Photos © 2018 by: Roman Sobus
Biography: After 16 years of performing over 100 concerts annually, releasing seven studio albums and selling more than 3.3 million tracks online, Umphrey’s McGee might be forgiven if they chose to rest on their laurels and attend to their lives as husbands and fathers. But you’d be wrong. With their eighth studio album, Similar Skin, and first for their own indie label, Nothing Too Fancy (N2F) Music (distributed by RED), the group – which formed on the Notre Dame campus outside of South Bend, Indiana in 1997 – has something to prove. And that’s not just to their ever-loyal fan base, but to those who have never heard a note, or worse – dismiss them as “too sophisticated, too complex” or think they know what Umphrey’s McGee is all about.
“We’re definitely not associated with a three-minute verse-chorus-verse song structure,” admits singer-songwriter-guitarist Brendan Bayliss about the new album’s “trim the fat” direction, which saw them aim to strut their rock and progressive roots. This time around, those musical touchstones range from the melodicism of Police, U2, the Beatles and Nirvana, the symphonic prog of Gentle Giant, King Crimson, Yes, and Genesis to the heavy metal thunder of Led Zeppelin, Metallica, Soundgarden, and Pantera. “Every night, we have the opportunity to play whatever and however long we want. Going into the studio, the challenge was to be as concise as possible, to trim all the fat we could.”
Produced by Umphrey’s McGee in conjunction with Manny Sanchez and Greg Magers and recorded in between tour dates at I.V. Labs in Chicago, Similar Skin was conceived as “a coherent vision,” featuring plenty of dynamics and contrast, with many of the songs coming from their live repertoire. Thematically, Bayliss was inspired by his own fatherhood, tackling such issues as living in the moment (“The Linear”), his own mortality (“Cut the Cable,” “Hourglass”), having children (“No Diablo”), the things that bring us together (“Similar Skin”), pondering the existence of a higher power, (the Ryan Stasik slap-bass-driven “Puppet String”), sleep-walking (“Educated Guess”), the art of storytelling and, according to Brendan, adding mysteriously, “some unresolved issues from the past” (“Loose Ends”).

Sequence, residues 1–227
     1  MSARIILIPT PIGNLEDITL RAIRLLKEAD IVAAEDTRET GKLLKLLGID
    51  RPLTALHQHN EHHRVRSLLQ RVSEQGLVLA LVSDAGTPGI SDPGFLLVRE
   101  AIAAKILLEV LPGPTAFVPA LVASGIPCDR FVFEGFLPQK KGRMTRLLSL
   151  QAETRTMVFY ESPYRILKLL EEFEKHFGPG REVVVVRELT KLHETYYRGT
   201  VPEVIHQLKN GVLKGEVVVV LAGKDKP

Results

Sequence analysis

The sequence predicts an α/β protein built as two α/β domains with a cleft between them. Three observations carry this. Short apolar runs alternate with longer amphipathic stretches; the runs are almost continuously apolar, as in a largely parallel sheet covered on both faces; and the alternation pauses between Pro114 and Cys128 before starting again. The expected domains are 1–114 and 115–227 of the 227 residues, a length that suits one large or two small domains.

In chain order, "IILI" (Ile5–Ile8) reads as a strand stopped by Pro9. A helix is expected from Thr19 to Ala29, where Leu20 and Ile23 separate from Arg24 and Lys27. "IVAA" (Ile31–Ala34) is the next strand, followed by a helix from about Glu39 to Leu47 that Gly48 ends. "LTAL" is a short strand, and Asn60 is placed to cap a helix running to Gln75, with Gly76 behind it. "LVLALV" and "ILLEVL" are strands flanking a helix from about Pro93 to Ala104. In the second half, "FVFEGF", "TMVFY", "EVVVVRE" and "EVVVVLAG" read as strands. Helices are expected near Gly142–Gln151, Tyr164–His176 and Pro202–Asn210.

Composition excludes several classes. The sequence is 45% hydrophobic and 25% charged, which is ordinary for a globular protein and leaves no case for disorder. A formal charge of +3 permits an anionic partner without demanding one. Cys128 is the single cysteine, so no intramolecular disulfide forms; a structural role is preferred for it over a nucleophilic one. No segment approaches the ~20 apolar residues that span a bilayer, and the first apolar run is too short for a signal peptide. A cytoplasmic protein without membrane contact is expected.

“We tried to get the most concise, exact version of each particular song,” explains Jake Cinninger, who wrote and sang lead on two new songs for the album, “Little Gift” and “Hindsight,” composed at his own Boondock Studio in Michigan, not far from his South Bend home. “I like to look at songs as babies you prepare to go out in the world. And the studio is where you can craft all those little corners and edges, cross the t’s and dot the i’s. What needs to be there and what doesn’t, because every moment on a record counts.”
In a shrinking music business, Umphrey’s McGee have found a way to connect to their fans on a grassroots, one-to-one level that keeps them returning for more, a sentiment that comes off loud and clear on Similar Skin, a paean to the complementary relationship between band and audience that has marked their 16-year career. Now, their DIY ethos is reflected in a new independent label, leaving Umphrey’s McGee free to chase their muse wherever it leads them.
“Success for me means sustaining it,” concludes Brendan. “If you told me 16 years ago, I’d be sitting here, I would have taken it in a minute. The whole goal is to keep this thing going. We’re now completely independent and in control of our own destinies. My motivation is for my children to be old enough to see me do this with their own eyes, and to be proud of me.”